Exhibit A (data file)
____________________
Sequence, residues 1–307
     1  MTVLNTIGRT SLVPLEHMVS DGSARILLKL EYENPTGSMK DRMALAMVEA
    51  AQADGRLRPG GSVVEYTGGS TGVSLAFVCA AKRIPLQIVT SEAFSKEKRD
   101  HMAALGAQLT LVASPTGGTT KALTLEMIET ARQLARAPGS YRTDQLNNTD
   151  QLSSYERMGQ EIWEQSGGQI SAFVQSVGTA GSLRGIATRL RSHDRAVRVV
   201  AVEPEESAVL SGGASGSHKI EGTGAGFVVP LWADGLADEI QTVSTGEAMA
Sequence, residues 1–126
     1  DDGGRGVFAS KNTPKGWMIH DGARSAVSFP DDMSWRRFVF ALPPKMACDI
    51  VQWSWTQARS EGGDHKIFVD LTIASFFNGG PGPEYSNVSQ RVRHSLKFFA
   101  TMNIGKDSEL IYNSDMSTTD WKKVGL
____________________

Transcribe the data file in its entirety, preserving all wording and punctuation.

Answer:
Sequence, residues 1–307
     1  MTVLNTIGRT SLVPLEHMVS DGSARILLKL EYENPTGSMK DRMALAMVEA
    51  AQADGRLRPG GSVVEYTGGS TGVSLAFVCA AKRIPLQIVT SEAFSKEKRD
   101  HMAALGAQLT LVASPTGGTT KALTLEMIET ARQLARAPGS YRTDQLNNTD
   151  QLSSYERMGQ EIWEQSGGQI SAFVQSVGTA GSLRGIATRL RSHDRAVRVV
   201  AVEPEESAVL SGGASGSHKI EGTGAGFVVP LWADGLADEI QTVSTGEAMA
Sequence, residues 1–126
     1  DDGGRGVFAS KNTPKGWMIH DGARSAVSFP DDMSWRRFVF ALPPKMACDI
    51  VQWSWTQARS EGGDHKIFVD LTIASFFNGG PGPEYSNVSQ RVRHSLKFFA
   101  TMNIGKDSEL IYNSDMSTTD WKKVGL